Martha Thomases: The Insufferable Inhumans?
Somehow, I seem to have inserted myself onto the Marvel “Friends and Family” list for preview screenings. A few weeks ago I got an advance look at The Defenders in a small screening room with about 25 people. On Monday, I went to an IMAX showing of The Inhumans with an audience of several hundred.
The environment in which I see a film influences the way I feel about it. I love going to screenings because they make me feel cool and sophisticated. The Defenders event was in the morning, with a group that included people I’d known for decades, in comfy chairs with excellent sight lines. The Inhumans was in an enormous theater, with an enormous screen, and hundreds of strangers (although there were some people I knew, including a new friend, an old friend and a really old friend.
Even before the movie started (and, to be fair, it’s not really a movie, just the first two episodes of an ABC television series), the mood was festive and celebratory. My date, ComicMix colleague Joe Corallo and I found our assigned seats and gleefully looked around to see whom we might recognize. Lots of people brought children with them, and they were thrillingly well-behaved. Before the movie started, we sang a rousing chorus of “Happy Birthday” to Jack Kirby, in celebration of his hundredth. The print was crisp, and the creator credits received applause.
If only I could tell you I liked the show.
I knew nothing about the characters beforehand. I did a little browsing online, and Joe told me a few things (including how great the Paul Jenkins run was). I would imagine that most people who will watch on the ABC television network are similarly ignorant, and the show would allow for that.
It is not good. And it’s not good in a way that makes it seem, to me, to be the anti-X-Men. People with mutant powers are exalted here and given high-status government responsibilities. Those with no powers are sent to work in the mines.
The Inhumans live on our moon, in a city at the border between the light side and the dark side. We first see the king and queen, Black Bolt and Medusa, in bed, where she is using her superpowers (magically manipulating her long hair) to excite him as much as network television allows. These two people are attractive and playful, so I was ready to like them. Also, the actress, who plays Medusa, Serinda Swan, looks like a grown-up version of Ann-Margaret in Pocketful of Miracles, one of my favorite movies.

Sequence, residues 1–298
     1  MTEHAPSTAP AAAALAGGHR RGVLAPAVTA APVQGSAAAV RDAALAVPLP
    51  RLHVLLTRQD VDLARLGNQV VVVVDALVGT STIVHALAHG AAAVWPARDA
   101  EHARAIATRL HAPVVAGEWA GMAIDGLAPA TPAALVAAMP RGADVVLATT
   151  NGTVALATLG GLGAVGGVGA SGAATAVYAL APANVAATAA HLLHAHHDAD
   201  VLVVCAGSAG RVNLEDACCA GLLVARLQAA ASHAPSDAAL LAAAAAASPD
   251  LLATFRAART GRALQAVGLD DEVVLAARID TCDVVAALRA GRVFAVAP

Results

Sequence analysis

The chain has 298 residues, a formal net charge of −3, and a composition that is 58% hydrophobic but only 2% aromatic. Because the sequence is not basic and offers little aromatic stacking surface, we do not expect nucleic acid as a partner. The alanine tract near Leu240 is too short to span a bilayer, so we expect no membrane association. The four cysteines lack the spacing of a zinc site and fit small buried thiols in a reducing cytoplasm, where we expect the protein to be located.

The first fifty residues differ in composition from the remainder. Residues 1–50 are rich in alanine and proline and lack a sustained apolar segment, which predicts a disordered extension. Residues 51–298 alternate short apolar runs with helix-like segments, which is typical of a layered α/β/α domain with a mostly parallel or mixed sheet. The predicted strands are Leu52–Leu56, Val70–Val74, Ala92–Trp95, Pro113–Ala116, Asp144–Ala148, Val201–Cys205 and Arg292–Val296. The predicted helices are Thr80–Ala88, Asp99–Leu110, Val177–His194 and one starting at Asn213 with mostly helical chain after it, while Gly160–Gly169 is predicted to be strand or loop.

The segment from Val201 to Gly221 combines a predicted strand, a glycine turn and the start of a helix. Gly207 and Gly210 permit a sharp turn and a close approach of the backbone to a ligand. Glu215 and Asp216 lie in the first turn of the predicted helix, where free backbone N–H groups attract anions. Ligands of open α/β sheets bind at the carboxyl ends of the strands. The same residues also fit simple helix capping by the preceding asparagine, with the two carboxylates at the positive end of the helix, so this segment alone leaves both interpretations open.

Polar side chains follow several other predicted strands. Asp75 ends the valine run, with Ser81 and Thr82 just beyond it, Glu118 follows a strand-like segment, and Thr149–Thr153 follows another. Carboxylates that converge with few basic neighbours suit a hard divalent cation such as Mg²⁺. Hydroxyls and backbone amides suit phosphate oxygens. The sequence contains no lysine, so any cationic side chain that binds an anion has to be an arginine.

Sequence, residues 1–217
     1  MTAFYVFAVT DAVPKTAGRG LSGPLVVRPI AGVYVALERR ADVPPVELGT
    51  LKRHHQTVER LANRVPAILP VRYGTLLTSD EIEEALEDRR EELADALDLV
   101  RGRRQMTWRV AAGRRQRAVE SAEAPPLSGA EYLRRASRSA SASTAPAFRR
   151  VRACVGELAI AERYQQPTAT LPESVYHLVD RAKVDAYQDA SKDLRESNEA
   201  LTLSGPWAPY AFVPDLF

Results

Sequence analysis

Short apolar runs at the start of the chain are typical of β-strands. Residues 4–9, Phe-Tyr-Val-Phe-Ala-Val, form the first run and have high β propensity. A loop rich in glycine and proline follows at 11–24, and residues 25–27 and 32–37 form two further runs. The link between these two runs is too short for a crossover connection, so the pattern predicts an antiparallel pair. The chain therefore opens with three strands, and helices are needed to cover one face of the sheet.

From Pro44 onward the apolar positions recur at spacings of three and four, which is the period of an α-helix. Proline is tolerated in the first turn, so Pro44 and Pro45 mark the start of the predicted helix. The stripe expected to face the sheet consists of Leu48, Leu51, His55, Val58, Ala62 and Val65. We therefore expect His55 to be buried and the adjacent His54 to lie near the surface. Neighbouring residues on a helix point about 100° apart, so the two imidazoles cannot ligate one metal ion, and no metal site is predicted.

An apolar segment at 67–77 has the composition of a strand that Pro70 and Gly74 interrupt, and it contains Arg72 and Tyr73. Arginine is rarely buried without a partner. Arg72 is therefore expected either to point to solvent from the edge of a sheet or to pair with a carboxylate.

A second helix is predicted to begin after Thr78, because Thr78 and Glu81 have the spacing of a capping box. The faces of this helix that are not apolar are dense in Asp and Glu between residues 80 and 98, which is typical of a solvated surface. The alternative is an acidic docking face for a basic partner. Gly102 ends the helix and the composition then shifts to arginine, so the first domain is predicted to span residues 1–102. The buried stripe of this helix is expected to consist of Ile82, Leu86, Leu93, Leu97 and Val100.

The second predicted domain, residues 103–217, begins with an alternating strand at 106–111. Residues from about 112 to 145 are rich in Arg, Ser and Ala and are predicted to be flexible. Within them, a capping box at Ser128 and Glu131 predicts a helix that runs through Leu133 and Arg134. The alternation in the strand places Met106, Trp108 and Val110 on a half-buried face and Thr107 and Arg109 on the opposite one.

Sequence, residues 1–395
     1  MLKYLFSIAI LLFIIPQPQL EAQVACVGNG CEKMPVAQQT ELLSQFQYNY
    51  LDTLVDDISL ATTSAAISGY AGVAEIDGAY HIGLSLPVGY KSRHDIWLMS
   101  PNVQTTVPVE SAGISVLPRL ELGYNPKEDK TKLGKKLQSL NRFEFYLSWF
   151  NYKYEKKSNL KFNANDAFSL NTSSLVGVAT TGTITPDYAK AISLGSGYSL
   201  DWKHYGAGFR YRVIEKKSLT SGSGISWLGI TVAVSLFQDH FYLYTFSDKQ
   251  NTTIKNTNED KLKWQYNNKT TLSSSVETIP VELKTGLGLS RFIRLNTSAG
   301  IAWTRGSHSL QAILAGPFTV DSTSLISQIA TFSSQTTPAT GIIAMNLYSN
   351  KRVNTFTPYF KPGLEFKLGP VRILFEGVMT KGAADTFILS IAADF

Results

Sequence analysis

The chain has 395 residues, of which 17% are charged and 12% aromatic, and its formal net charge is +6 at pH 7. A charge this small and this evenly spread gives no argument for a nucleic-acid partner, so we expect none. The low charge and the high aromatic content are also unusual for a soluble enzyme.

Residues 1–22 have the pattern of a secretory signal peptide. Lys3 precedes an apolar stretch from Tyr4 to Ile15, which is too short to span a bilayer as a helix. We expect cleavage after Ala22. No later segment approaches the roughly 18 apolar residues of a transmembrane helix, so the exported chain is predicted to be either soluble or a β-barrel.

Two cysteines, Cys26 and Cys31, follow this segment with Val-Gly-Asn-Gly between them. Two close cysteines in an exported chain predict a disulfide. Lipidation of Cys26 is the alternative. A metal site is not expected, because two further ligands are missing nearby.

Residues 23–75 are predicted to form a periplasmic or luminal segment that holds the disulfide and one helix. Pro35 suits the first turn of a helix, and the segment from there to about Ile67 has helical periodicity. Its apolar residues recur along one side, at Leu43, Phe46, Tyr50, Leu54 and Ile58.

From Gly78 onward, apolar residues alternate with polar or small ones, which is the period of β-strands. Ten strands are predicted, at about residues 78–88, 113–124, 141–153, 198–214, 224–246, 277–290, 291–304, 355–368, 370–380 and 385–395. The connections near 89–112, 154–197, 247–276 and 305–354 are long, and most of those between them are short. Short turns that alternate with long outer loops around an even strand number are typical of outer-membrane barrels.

We see them getting on with their royal responsibilities, as they walk up and down and through the massive castle. First up is a ceremony in which two siblings find out if they have super-powers. It is there that we meet Black Bolt’s brother, Maximus, who we know must be a bad guy because it is the same actor, Iwan Rheon who played Ramsay Bolton on Game of Thrones. Maximus seems to have no powers but is allowed to stay in the royal quarters because his brother is such a softie.
There is lots of back-and-forth travel to Earth, sometimes through a sentient wall and sometimes with a giant bulldog which I think has some kind of fan following (and, hence, anticipation) but which is just a big CGI dog in these first two episodes. There is a royal betrayal, a rebel uprising, and a great escape. Each character gets a chance to use his or her powers, sometimes to great effect, sometimes just because, I assume, Jim Shooter said every character must use powers within the three pages back when he was editor-in-chief at Marvel. Some powers, like being able to come back to life after being killed, seem like a narrative cop-out, a deus ex machina of the gene pool.
A lot more questions were raised for me than were answered. Where does the royal family get all the leather for their outfits? What are they digging for in those mines? Are terrific eyebrows a way to tell which women have super-powers? Where does the food come from? I would have preferred to see more of the city as a whole, and less of the king and queen walking up and down stairs. Also, why are we supposed to think the king and queen are good and Maximus is bad? Wouldn’t it be more interesting from his point of view?
I think that Inhumans wants to be the new Game of Thrones, but without the historical parallels, the multiculturalism, the armies, the enormous cast or the budget. Instead, it seems much more like high school writ large, with the cool kids getting to have a working source of light, and the rabble doomed to the underworld.
Will it get better? Will it be even worse when it’s on a television screen, not in a theater? Will there be dragons or just giant dogs?
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